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February 18, 2021 4:44 pm
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Pittsburgh Steelers’ Zach Banner Urges NFL to Adopt IHRA Definition of Antisemitism, Speaks Out on ‘Lack of Understanding’

avatar by Shiryn Ghermezian

(From top left, clockwise) Holocaust Center of Pittsburgh director Lauren Apter Bairnsfather; WNBA champion Alysha Clark; NFL player Zach Banner; and Washington Nationals first baseman Josh Bell. Photo: Screenshot.

Pittsburgh Steelers offensive tackle Zach Banner is encouraging the National Football League and all its teams to adopt the International Holocaust Remembrance Alliance (IHRA) working definition of antisemitism.

The International Holocaust Remembrance Alliance Working Definition of Anti-Semitism has been adopted by 30+ countries & companies around the world. I encourage the @steelers and teams across the @NFL to adopt the IHRA Working Definition as we stand against hate,” he said in a Twitter post Wednesday night.

Banner’s comment came shortly after he led a virtual 90-minute panel discussion, “Athletes Against Antisemitism,” which featured Washington Nationals first baseman Josh Bell; Washington Mystics WNBA champion Alysha Clark; Jasiri X, hip-hop artist and co-founder of activist group 1Hood Media; and Rabbi Jeffrey Myers, leader of the Tree of Life-Or L’Simcha Synagogue in Pittsburgh, where a deadly mass shooting took place in October 2018.

During the online event, Banner urged the NFL to adopt the leading definition of antisemitism, saying, “there’s a real lack of understanding of what antisemitism is today. How can a society begin to address a problem if we don’t even agree or define what the problem is?”

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Clark and Bell said they will speak to their teams about also adopting the IHRA definition, which says: “Antisemitism is a certain perception of Jews, which may be expressed as hatred toward Jews. Rhetorical and physical manifestations of antisemitism are directed toward Jewish or non-Jewish individuals and/or their property, toward Jewish community institutions and religious facilities.”

In July 2020, Banner shared a video on Twitter condemning antisemitism and showing solidarity with the Jewish community after fellow NFL player DeSean Jackson posted online antisemitic comments made by Hitler. Many Jewish NFL players and executives thanked Banner for publicity denouncing Jackson’s behavior when others did not, he told viewers on Wednesday night.

At the panel discussion, reflecting on what motivated him to speak out at the time, Banner said, “It was just stepping up for what’s right…It’s a personal belief that I have in the National Football League that when one of us mess up, we have to step up and hold each other accountable in a professional matter to where we preach change.”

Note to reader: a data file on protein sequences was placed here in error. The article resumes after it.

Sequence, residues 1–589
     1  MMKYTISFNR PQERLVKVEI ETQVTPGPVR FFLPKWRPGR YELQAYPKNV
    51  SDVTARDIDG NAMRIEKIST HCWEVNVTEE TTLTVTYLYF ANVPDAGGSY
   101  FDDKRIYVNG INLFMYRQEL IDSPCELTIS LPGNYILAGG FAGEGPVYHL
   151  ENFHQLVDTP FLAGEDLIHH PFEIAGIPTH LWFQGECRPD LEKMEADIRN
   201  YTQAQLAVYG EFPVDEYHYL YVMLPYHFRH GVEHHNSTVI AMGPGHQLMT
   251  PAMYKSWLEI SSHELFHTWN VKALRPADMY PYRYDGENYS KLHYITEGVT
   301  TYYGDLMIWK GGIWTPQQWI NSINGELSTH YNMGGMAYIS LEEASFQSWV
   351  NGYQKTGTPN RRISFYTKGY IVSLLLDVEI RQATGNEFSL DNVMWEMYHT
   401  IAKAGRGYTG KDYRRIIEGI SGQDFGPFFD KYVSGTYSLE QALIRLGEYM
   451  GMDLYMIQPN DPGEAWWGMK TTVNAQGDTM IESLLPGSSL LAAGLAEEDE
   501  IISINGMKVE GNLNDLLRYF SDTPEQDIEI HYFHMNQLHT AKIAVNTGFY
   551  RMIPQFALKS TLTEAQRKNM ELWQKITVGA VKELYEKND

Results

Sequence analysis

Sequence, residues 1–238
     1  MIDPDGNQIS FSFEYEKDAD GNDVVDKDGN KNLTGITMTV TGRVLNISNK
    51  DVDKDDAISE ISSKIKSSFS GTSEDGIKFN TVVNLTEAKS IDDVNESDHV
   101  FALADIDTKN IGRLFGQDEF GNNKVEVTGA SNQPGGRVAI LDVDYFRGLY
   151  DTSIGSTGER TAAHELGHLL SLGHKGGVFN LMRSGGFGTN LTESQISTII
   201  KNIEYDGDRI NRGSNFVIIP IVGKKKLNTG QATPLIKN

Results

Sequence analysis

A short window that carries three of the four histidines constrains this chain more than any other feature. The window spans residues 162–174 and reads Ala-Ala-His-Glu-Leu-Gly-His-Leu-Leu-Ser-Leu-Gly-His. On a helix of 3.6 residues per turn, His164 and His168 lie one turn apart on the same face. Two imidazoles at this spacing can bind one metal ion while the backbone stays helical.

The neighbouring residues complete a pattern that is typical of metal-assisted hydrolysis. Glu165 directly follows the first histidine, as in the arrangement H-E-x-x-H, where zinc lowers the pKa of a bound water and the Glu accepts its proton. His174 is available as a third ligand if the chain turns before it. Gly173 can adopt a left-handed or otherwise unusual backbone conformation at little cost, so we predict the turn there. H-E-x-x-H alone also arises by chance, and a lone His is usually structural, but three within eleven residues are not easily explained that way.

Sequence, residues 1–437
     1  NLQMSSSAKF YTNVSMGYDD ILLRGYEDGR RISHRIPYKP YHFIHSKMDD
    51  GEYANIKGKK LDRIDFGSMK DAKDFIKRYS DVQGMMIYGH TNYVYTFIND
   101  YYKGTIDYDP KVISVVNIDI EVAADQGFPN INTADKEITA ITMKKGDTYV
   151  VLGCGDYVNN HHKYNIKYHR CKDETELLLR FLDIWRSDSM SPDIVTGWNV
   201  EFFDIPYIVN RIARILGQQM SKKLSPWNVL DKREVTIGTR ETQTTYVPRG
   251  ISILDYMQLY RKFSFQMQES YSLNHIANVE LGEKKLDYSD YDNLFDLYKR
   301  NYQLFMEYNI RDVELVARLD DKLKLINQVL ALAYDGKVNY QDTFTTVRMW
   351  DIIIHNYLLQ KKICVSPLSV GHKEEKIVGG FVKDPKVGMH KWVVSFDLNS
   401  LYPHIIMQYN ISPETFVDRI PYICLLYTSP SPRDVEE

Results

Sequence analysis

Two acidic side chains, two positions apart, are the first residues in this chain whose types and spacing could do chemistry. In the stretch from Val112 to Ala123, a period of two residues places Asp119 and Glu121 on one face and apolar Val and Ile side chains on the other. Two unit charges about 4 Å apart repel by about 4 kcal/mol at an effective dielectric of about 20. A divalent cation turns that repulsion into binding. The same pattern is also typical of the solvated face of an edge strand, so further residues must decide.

Bell added that combatting racism in America “starts with yourself on a personal level, even if it’s not your fight to fight, [but] understanding that there’s a fight for equality.

“And I think that if you can not pass down the hatred, if we can nip that right now, our kids will live better lives and their kids will live better lives. And then you won’t see country clubs that won’t allow Black or Jews in; you won’t see hate crimes in synagogues or churches…you can see the America that we have envisioned and idolized our whole lives.”

Bell told viewers that the mass shooting at the Tree of Life synagogue, which resulted in the deaths of 11 Jewish worshippers, “was the first instance where I realized that it wasn’t just hatred against Blacks in America that needed to be addressed.”

“Hatred is one and the same,” he asserted. “The idea the one person is less than the next, because of history or skin color or religion, is something that we all need to educate ourselves on. Education is key. You learn, you grow and you can make better decisions in the future.”

Rabbi Myers said, “You can’t understand someone unless you walk a mile in their shoes, to hear their stories, to hear the concerns. … We’re stronger when we’re together.”

Clark, whose grandfather is Jewish, said she believes “the biggest key in change” is “just being open-minded to listening, because something doesn’t have to specifically happen to you, for you to know that it’s wrong or for you to have empathy. I think through these conversations you can learn some really powerful stories and ways to continue to stay involved.”

During the discussion, Banner — who is not Jewish, and is of Chamorro and African-American descent — admitted that he is often asked why he voices support for the Jewish community.

He explained, “Personally, my Black and Brown fellow community members and people from back home sometimes wonder ‘Why are you sticking up so much for them?’ And when you say ‘them,’ that’s a separating thing. You don’t realize [you’re] being a hypocrite. You have to stand up for what’s right. And I’m not saying my family or my group of friends are like that but some are, and we have to realize that hate is hate and we have to put a stop to it.”

The NFL athlete concluded the panel discussion by saying, “It’s important that players like us keep standing up and speaking out for the injustices we witness. We have a big platform and it’s our privilege to get to use those to help others.”

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